Eastrise Corporation has two divisions: the Motor Division and the Mower Division. The Motor Division supplies the motors used by the Mower Division. The Mower Division produces approximately 10,000 mowers annually. Thus, it receives 10,000 motors from the Motor Division each year. The market price of these motors is $400. The total variable cost of the mower is $220 per unit. The market price of the mower is $600. The unit variable cost of each mower, excluding the cost of the motor, is $100.
The Motor Division is currently operating at full capacity, producing 30,000 motors per year (10,000 of which are transferred to the Mower Division). The demand for the motors is so great that all 30,000 units could be sold to outside customers if the Mower Division acquired its motors elsewhere. The Motor Division uses the full market price of $400 as the transfer price charged to the Mower Division.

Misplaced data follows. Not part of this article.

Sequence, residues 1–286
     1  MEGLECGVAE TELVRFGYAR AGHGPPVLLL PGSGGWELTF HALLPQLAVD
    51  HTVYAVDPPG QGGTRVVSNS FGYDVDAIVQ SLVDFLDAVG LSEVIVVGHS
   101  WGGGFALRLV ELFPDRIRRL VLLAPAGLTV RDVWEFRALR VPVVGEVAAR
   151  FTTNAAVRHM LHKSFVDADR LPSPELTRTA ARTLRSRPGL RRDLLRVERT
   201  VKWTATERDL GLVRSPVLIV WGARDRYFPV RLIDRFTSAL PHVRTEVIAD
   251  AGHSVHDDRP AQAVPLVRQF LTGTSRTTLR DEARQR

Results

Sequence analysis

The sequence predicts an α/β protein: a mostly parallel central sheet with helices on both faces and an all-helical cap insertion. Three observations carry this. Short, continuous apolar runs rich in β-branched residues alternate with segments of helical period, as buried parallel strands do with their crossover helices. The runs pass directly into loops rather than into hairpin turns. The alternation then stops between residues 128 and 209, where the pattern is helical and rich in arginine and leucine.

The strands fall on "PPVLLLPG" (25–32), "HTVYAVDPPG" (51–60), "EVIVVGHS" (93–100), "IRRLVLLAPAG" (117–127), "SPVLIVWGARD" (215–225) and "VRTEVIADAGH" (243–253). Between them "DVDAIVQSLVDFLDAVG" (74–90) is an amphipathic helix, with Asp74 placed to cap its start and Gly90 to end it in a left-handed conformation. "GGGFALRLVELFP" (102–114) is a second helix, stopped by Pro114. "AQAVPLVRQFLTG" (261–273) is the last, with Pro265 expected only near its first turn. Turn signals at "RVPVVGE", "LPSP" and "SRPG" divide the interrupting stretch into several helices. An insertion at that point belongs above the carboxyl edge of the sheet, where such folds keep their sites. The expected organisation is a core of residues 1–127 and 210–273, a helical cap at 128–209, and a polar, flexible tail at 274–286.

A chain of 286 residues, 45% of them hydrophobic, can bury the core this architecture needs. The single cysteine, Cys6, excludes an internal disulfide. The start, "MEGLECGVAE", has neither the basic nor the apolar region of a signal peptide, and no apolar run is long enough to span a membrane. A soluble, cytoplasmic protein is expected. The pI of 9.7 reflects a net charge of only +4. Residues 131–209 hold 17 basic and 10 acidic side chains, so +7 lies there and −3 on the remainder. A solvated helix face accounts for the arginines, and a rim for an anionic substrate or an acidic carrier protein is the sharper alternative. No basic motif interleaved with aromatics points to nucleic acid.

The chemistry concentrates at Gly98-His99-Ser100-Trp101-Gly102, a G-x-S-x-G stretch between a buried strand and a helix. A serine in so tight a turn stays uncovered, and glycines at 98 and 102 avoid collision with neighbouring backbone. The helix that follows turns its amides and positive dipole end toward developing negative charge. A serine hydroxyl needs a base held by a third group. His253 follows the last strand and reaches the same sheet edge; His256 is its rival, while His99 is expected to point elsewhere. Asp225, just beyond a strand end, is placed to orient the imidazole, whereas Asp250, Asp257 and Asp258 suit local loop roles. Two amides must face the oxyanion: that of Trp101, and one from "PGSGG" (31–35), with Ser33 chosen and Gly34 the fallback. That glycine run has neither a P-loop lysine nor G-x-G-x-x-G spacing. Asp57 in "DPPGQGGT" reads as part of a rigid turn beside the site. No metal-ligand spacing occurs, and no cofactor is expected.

The manager of the Mower Division asserts that the Motor Division benefits from the inter company transfers because of reduced advertising costs. As a result, he wants to negotiate a lower transfer price of $380 per unit.
a. Compute the contribution margin earned annually by each division and by the company as a whole using the current transfer price.
b. Compute the contribution margin that would be earned annually by each division and by the company as a whole if the discounted transfer price were used.
c. The transfer price charged to the Mower Division is $400, which is the market price of the motor. Why is manufacturing cost not a satisfactory transfer price for the Motor Division?